- In an update to the letter to the congregation, I still have not heard any news regarding the well-being of the Haitian Methodist pastors who were with the UMCOR staff people (two of whom, Sam Dixon and Clint Rabb, both tragically died) in the now destroyed Montana Hotel. The Methodist Church of the Carribean does not have a functioning website and the United Methodist news outlets have said nothing. I'm guessing that in time we'll know what's going on, but like every else in Port Au Prince right now, the situation is chaos. Your prayers for our Haitian Methodist pastors are appreciated.
- I can't say I knew Sam Dixon all that well. While Sam was reportedly instrumental in getting Ginghamsburg (UM) Church involved in the Sudan (which has been an overwhelming success) Sam also initially worked with us to try to link Shawnee UMC with the Methodist Church of Haiti. Three years ago I flew to the GBGM/UMCOR offices in New York City to meet with Sam, other UMCOR staff people, and a key staff person from the MCofHaiti leadership team. I did this because I can remember Sam saying on the phone that lots of churches offer to help UMCOR but few turn out to be serious, and that if someone from our church showed up at this already-scheduled meeting, they'd know that we were "in".
Long story short... I showed, but UMCOR unded up short. Two of their staff people missed the meeting sick and the Haitian representative didn't show. Ended up just being me and Sam.
In any event, after that fiasco, Sam offered to share a car to LaGuardia Airport he had already arranged for himself, with me. Once there, he slipped me in the "Delta Preferred Customers" line at security, and then got me into Delta's private lounge (Sam probably had a million miles on Delta - couldn't help but think of him while watching "Up In The Air" with Aimee last weekend... good flick, by the way). We talked for about three hours while we both waited for our flights home. It was through Sam that for me the general agencies of the denomination for the first time seemed less impersonal, and actually impassioned about reaching the world for Jesus one bowl of soup and one bible verse at a time. A good guy with a big heart for the church and the poor, this ordained pastor from North Carolina will be sorely missed. RIP Sam.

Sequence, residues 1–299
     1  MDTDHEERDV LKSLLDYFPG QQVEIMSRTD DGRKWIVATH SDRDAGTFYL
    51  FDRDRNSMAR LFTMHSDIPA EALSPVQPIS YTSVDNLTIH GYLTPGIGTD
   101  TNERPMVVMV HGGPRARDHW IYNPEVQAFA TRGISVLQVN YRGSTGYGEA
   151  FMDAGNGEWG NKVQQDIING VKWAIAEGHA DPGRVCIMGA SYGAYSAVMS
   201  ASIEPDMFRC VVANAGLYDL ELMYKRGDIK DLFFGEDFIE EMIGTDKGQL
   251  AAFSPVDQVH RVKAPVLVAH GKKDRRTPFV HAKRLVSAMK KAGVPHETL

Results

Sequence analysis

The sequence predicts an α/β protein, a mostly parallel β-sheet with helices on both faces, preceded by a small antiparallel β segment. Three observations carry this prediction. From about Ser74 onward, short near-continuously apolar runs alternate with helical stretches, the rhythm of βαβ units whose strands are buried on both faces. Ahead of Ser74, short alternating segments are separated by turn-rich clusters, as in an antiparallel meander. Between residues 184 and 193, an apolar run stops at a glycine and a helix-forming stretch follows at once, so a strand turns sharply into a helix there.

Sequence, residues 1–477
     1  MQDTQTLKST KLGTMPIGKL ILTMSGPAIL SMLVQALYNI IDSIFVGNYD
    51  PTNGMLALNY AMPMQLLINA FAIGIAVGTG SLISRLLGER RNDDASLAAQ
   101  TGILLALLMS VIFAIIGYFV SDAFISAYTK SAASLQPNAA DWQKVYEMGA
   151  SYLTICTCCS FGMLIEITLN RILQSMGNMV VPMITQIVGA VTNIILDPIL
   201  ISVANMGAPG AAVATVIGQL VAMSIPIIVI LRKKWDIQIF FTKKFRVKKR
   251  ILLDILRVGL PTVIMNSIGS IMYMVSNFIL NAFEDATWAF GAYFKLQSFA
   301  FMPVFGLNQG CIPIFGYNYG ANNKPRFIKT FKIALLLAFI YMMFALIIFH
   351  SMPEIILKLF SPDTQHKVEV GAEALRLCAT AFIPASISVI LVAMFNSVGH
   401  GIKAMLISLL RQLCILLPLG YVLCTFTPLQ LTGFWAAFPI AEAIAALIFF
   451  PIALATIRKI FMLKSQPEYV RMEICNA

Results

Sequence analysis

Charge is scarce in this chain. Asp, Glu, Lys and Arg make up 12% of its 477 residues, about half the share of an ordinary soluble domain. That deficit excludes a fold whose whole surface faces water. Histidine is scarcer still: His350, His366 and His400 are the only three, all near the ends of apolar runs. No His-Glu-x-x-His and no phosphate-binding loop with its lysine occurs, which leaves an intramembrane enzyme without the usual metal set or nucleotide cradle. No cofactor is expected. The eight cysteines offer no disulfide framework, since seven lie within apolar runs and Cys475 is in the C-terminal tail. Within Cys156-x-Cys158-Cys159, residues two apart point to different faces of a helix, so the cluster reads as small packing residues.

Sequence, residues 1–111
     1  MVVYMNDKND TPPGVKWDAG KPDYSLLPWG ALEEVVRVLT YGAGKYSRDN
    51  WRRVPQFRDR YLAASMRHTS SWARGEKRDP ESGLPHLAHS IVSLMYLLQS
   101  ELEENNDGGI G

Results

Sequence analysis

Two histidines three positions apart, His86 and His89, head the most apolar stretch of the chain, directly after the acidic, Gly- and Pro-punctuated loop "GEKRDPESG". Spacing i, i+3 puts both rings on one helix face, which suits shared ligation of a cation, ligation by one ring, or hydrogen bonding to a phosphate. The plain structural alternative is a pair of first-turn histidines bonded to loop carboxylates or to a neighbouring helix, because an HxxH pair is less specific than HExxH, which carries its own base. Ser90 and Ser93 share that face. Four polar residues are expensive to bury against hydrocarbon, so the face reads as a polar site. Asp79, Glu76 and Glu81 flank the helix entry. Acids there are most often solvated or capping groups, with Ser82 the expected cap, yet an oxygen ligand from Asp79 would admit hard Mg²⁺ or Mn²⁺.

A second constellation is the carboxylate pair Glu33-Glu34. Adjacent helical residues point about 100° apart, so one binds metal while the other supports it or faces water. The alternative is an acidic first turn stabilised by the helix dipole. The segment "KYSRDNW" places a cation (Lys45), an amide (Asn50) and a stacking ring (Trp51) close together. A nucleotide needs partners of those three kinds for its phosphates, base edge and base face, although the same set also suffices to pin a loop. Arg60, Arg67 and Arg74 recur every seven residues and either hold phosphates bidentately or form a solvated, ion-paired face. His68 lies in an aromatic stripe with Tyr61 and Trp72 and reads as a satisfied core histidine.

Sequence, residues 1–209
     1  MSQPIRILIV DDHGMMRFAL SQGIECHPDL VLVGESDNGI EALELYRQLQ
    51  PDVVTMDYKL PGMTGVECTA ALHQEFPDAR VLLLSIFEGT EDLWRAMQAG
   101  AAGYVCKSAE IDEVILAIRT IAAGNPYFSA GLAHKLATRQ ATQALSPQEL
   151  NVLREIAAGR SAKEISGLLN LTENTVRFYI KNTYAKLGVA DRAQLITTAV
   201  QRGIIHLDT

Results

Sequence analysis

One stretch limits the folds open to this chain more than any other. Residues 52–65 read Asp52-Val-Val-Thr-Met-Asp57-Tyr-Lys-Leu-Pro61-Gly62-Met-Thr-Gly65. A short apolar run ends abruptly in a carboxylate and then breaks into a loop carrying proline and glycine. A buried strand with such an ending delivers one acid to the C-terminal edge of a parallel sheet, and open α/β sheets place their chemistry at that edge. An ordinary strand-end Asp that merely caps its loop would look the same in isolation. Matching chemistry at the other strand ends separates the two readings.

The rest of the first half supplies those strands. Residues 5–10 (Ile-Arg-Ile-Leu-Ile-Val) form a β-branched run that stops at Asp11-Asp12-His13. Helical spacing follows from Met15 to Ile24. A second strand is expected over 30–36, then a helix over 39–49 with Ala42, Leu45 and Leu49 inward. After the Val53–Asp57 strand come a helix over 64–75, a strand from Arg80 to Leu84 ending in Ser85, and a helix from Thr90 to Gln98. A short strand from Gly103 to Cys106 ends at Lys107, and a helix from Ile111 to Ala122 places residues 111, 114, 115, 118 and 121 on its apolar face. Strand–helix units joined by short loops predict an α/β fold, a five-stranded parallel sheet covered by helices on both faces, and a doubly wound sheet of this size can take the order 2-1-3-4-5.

- Through friends of friends on the ground a picture is beginning to emerge regarding the situation in Port Au Prince. The airport is a madhouse now controled by the United States Military. Because military and UN flights are being given priority, relief organizations, primarily medical ones, are diverting flights that can't land to the DR, and more recently to an airfield just south of town that has opened up. The port just reopened yesterday meaning now freight can be unloaded in massive quanitites, but the lack of supplies for mission organizations has made emergency medical care in PAP a nightmare.
For over a week now we've been trying to get a team of surgeons from the area into the country to absolutely no avail. While the need for docs, primarily orthopedic docs (of which we have three) is off the charts, places for them work and supplies for them to work with have been almost non-existant. Medical people in the north are now seeing those initially treated in PAP, and are not describing the quality of medical work their seeing in glowing terms. The infamous news story on CNN where a doc talks about sterlizing a tools and a patient who is about to face an amputation with vodka has become a bellweather for what medical personnel in the north are now seeing.... lots of infection from initial surgery done under difficult conditions that is resulting in the need for further surgery. Hence, I believe our docs will get in soon, its just they could very well be correcting work already done. Just another sad story in this great tragedy.
- Shawnee has been active on the ground in Haiti. A caravan of thirty buses from CAP to PAP to help move more than a thousand homeless people to help and hope was sponsored by SUMC a couple of days ago. We just sent thousands of dollars of medical supplies to our partner on the ground, Living Hope Mission, to be used by docs at the General Hospital in CapHaitian (a government owned hospital that is woefully underfunded, understaffed, and now, under supplied) and a British Methodist clinic in the south.
The church is also helping coordinate the transporting of thousands of health kits (click here if you'd like to make a kit or donate to the effort) from churches across the West Ohio Conference to our Sager-Brown Warehouse in Louisiana. A med team already scheduled to go to CAP will leave in about four weeks, and still we work to get surgical teams on the ground to work with those in need. A donation will be going to Living Water to fix wells across the country that were broken during the earthquake, and much more will be happening in the days to come. Click our church website for details.